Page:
Currently teaching a course on media and everyday life. Right now we’re early on in the course and covering basic ideas about the everyday. Students seem to be enjoying it. But reading and teaching about such things always gets me reflecting on everyday practices, naturally enough.
We read Mauss’s “Techniques of the Body” which got me reflecting on when and where people walk around clasping their hands behind their backs (it’s either very formal, like in school or a form of attention, or quite informal—a stroll, though the latter seems to be a generational thing; do people do this anymore?).
The other somewhat random thought came up when the A/C system kicked on a bit earlier today. The thermostat is programmed by time of day and day of the week, so you can set it to your habits, or the habits of the household. When we first moved into this house years ago, it was set to someone else’s everyday. There was the preferred temperature (and preferred nighttime temp, daytime temp, etc.). But also the timer gives a clue to the schedule of the house: when it first kicks on (people are waking up), kicks back off (people have gone to school or work; or perhaps it doesn’t kick back off if they stay at home), back on in the afternoon (when expected home from school or work), and back off in the evening (when we go to bed); with different patterns for the weekend (does it shut off Sunday morning when you’re not expected to be at home?). Until I figured out how to change the programming, we were living in a house set for another family, continually overriding their everyday. It’s about the ways the everyday accretes in technologies and spaces.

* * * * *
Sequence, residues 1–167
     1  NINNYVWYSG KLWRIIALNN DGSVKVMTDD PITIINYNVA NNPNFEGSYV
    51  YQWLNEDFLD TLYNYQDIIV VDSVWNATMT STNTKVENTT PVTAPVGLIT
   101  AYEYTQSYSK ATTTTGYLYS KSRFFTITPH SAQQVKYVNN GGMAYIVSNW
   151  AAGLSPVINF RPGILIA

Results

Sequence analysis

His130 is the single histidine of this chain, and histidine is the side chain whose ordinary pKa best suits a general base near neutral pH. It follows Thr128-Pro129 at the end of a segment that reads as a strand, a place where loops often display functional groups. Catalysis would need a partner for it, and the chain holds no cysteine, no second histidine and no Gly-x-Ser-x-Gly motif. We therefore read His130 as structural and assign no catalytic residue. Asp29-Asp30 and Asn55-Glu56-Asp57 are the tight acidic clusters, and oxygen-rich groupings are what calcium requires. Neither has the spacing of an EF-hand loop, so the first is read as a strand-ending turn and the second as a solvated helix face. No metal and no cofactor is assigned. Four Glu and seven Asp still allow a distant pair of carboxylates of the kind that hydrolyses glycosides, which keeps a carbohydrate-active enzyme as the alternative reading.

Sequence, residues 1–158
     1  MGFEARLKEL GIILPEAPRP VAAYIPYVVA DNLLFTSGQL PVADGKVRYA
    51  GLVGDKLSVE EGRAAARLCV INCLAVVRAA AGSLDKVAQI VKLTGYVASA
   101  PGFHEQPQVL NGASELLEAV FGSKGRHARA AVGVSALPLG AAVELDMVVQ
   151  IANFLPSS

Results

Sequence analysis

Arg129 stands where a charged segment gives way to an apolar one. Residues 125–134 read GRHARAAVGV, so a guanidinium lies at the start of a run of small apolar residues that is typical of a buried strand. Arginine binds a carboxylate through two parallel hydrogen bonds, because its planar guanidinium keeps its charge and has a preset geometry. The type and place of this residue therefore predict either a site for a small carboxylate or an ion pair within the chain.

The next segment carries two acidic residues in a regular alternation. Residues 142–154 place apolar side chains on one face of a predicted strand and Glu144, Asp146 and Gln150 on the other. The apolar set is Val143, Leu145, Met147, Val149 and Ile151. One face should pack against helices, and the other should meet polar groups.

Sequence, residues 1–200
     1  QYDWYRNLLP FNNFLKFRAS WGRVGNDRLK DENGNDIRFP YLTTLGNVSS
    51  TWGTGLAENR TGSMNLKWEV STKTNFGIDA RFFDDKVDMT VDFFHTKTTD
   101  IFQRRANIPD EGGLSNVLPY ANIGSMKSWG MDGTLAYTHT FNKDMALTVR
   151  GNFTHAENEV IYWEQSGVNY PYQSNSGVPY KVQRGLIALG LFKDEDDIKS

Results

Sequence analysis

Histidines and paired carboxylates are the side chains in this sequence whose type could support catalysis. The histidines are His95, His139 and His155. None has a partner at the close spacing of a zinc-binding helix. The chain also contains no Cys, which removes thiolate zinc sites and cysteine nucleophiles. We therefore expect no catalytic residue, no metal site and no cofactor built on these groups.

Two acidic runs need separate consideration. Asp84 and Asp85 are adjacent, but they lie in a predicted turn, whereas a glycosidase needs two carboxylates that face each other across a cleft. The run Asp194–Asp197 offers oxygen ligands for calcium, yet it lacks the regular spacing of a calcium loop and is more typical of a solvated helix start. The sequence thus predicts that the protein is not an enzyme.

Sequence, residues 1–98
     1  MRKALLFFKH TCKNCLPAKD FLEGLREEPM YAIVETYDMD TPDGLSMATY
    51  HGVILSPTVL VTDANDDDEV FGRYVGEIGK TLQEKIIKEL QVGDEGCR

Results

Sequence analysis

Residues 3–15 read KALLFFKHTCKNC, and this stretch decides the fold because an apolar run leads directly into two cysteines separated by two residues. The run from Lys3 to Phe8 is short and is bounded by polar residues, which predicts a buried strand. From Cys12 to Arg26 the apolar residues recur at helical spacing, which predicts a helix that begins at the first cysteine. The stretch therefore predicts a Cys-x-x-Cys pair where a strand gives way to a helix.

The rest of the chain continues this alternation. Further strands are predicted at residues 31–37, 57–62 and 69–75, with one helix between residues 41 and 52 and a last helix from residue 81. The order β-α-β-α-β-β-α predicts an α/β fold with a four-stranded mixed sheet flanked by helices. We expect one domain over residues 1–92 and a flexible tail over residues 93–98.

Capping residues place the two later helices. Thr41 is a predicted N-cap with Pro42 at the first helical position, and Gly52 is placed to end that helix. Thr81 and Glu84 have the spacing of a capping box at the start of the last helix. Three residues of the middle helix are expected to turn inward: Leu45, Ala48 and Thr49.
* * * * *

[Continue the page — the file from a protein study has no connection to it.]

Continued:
Critical News Literacy and Young People
4 days ago